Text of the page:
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Volunteer to help plant trees

By Cecilia Cho

Join Heartland Tree Alliance’s (HTA) effort to replace trees that have died from the emerald ash borer. Volunteers are needed to help with two planting days in October.

As the emerald ash borer, an invasive tree pest, marches through the region, more and more trees are being infested and dying. Originating in Asia and eastern Russia, the species has made its way over both sides of the state line, affecting millions of ash trees. The region has more than six-million ash trees at risk, so the potential for devastation is immense.

borer_stacked“The emerald ash borer is expected to kill something like five million of our ash trees in the next decade, maybe even the next five years,” said Noelle Morris, program director at Bridging the Gap. “Urban forest as we see it today will look completely different by 2020.”

The Heartland Tree Alliance, a BTG program, has planted more than 14,000 trees since 2002. The group educates the public on planting and caring for urban trees and organizes planting and pruning events with volunteers.

Ash tree owners may not notice that their tree is affected until it is too late. Detection of infestation is much more difficult for those who are not sure of the signs. Affected trees will have D-shaped holes on the trunk or larvae on the trees.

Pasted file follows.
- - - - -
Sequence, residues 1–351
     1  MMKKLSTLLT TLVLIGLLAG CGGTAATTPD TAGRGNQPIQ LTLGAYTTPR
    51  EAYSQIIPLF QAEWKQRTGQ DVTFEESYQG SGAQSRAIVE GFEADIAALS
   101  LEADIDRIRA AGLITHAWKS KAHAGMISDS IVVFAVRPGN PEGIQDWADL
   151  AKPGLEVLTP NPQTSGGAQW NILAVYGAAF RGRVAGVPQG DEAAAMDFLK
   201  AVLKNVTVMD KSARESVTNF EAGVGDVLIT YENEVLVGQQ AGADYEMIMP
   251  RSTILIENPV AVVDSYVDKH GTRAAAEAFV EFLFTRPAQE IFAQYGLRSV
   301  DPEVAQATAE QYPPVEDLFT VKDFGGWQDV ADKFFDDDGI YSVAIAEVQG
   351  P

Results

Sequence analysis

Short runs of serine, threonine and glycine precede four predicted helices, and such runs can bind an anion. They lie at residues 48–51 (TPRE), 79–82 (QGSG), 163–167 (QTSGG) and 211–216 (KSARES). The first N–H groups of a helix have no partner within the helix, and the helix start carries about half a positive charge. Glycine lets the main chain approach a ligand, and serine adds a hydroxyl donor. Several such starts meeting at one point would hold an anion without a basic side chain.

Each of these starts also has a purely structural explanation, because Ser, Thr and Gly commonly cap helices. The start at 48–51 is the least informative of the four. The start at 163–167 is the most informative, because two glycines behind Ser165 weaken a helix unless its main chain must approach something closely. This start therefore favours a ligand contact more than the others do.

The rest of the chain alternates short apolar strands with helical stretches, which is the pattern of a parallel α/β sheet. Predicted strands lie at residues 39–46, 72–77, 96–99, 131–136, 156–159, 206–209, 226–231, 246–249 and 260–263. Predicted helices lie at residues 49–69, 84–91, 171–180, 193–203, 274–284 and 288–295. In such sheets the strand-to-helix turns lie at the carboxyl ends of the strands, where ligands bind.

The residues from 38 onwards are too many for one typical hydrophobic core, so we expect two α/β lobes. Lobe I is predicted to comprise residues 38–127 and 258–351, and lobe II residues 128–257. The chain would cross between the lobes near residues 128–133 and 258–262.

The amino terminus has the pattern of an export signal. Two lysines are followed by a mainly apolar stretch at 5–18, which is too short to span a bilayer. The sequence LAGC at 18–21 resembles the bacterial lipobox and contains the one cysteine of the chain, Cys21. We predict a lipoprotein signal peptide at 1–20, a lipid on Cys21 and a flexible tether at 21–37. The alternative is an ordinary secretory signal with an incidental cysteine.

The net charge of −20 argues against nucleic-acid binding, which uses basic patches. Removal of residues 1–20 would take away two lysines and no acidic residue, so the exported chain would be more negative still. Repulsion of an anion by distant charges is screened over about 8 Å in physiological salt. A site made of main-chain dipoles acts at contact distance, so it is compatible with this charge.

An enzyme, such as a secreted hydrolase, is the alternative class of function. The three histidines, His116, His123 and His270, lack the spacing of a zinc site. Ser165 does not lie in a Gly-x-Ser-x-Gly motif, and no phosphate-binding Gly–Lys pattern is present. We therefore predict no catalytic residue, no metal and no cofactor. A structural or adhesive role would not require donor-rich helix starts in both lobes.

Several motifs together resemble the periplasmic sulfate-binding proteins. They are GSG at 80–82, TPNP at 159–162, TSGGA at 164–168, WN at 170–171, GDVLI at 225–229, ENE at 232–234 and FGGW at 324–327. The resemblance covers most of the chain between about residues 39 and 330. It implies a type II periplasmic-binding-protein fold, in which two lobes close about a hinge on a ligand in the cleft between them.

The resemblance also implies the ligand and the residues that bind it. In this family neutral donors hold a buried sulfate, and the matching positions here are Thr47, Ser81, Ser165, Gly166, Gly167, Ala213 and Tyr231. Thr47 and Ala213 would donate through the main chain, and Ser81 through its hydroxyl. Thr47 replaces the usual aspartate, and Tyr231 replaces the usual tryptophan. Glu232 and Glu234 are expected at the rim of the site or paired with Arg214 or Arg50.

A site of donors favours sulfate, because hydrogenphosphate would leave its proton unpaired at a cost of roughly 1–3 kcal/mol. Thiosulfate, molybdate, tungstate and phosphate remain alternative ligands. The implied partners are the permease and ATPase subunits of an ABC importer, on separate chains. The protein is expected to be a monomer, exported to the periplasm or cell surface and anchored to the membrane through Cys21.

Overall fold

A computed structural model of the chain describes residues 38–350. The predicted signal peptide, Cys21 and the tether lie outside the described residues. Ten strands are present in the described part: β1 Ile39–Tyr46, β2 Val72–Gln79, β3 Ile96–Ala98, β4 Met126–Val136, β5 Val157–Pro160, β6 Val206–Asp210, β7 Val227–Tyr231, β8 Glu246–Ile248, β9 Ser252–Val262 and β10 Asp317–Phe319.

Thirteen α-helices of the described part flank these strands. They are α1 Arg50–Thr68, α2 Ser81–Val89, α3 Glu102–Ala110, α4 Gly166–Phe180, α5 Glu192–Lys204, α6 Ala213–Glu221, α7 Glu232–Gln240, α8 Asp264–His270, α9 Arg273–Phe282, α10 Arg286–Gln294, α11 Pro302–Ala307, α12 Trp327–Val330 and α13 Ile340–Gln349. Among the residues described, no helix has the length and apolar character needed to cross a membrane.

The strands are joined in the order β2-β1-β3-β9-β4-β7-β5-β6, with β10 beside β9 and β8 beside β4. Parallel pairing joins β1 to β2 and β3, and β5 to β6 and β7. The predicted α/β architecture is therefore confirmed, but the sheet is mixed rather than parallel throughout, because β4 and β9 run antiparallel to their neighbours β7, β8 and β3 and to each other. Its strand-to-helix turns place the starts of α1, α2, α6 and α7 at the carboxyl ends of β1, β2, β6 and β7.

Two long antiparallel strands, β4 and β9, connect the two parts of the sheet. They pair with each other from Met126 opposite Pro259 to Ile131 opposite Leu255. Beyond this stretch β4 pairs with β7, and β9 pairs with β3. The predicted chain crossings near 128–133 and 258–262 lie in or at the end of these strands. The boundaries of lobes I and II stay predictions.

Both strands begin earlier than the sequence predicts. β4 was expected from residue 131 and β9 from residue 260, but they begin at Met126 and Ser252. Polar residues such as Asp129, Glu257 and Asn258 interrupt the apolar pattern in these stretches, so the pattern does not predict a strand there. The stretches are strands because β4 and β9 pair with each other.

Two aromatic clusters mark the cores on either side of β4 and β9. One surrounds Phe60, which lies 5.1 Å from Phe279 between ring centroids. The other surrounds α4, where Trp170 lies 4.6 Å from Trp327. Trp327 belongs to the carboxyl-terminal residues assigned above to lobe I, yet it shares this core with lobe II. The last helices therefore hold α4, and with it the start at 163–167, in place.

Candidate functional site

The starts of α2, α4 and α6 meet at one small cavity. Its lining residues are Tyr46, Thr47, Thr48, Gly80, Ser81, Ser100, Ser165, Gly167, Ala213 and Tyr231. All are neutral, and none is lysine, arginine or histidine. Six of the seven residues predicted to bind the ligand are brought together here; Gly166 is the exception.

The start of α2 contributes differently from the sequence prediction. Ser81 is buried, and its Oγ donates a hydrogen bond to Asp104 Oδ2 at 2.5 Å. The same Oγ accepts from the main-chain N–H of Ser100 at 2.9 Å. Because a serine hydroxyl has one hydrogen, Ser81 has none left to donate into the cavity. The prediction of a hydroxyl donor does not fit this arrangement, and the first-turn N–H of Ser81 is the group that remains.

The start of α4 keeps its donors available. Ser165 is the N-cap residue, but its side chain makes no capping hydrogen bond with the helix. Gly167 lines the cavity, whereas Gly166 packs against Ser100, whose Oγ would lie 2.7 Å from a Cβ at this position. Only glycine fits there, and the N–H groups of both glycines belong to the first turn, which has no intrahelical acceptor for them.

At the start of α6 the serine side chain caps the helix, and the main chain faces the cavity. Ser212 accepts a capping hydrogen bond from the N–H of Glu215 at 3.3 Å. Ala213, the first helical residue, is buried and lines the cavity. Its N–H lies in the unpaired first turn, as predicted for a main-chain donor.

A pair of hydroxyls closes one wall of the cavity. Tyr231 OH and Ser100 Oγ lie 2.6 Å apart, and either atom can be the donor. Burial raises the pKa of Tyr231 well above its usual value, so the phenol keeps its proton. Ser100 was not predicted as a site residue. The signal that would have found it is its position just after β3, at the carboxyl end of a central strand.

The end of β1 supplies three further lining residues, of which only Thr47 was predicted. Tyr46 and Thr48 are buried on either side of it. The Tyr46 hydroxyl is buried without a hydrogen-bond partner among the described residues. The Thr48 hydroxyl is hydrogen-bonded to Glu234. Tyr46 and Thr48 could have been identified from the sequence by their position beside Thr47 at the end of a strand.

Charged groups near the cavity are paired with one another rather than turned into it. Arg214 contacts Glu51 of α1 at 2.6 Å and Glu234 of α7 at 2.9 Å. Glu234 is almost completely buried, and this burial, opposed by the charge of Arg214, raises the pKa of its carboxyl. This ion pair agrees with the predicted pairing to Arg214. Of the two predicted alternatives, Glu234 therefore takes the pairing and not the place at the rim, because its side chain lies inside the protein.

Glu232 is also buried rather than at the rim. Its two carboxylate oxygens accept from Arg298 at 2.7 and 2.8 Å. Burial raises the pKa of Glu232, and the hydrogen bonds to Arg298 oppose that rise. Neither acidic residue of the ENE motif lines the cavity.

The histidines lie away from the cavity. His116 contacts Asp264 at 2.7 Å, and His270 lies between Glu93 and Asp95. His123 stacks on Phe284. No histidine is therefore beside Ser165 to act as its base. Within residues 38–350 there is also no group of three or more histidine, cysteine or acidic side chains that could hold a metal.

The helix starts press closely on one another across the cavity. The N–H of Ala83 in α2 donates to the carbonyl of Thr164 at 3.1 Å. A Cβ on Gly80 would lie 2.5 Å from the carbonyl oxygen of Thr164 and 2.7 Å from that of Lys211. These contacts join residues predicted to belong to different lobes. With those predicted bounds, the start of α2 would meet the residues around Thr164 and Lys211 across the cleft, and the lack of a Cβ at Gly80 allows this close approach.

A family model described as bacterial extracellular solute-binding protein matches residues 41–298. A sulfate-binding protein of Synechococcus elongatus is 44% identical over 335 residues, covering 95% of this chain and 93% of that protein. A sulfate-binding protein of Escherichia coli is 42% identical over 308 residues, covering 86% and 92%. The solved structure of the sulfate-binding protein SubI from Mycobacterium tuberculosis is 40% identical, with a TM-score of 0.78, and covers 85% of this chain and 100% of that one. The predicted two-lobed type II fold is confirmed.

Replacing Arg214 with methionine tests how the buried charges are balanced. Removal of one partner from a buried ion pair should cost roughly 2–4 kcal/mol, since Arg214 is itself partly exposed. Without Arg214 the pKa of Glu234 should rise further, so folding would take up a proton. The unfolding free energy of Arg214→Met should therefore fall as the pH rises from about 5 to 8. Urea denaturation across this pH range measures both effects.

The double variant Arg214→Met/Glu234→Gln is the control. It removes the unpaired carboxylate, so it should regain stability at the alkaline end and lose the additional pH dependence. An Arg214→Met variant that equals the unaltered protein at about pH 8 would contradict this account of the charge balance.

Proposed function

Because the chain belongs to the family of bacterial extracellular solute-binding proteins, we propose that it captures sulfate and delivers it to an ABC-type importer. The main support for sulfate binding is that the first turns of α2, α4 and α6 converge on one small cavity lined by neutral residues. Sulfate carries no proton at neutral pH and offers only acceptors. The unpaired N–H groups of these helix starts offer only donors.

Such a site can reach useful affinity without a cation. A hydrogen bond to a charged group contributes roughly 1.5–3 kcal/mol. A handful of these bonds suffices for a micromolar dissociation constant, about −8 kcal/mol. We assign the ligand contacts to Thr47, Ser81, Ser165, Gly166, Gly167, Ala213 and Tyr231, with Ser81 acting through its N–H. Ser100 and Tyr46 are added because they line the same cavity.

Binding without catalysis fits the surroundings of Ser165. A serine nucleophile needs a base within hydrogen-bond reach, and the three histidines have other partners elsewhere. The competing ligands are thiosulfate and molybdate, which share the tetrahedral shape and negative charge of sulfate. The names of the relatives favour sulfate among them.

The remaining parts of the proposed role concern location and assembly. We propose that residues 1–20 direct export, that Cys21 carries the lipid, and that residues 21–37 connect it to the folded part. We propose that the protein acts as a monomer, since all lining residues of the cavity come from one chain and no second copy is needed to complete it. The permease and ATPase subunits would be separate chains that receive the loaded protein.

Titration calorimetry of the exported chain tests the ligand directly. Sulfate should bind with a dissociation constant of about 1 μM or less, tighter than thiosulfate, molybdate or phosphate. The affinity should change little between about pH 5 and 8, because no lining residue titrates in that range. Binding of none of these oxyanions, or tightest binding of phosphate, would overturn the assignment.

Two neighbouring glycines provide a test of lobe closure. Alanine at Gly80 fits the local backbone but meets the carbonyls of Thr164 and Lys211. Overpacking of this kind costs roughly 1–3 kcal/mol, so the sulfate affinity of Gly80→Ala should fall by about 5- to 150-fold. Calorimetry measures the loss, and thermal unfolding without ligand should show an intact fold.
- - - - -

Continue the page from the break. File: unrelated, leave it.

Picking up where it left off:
In preparation for the havoc the emerald ash borer will have on the ash tree population, Heartland Tree Alliance is seeking volunteers to help plant trees in the areas most affected by the species. Volunteer opportunities will take place from 9 a.m. to noon, Thursday, October 8 at Waterway Park in Kansas City, KS and from 9 a.m. to noon on Wednesday, October 14 at Windsor Park in Prairie Village, KS.

Volunteer-PlantTrees_captionVolunteers will meet at the location and learn the proper techniques for tree planting. Additional education will be provided by Dennis Patton, a horticultural agent from Kansas State University Extension.

For homeowners wondering what they can do to combat the emerald ash borer, Morris suggests consulting with a certified arborist to determine infestation and treatment options — and to plant more trees.

“The main message is for homeowners to do their part and plant as many trees as they can on their private property in preparation for the devastation that’s coming,” said Morris. “It’s here and it’s everywhere. I haven’t seen very many ash trees around town that don’t show signs of having infestation.”

To volunteer for the tree plantings, register at, Select the “give” tab, and click on volunteer opportunities to choose the date you would like to volunteer. For more information, contact Noelle Morris at 816-561-1061 ext. 115, or email [email protected].


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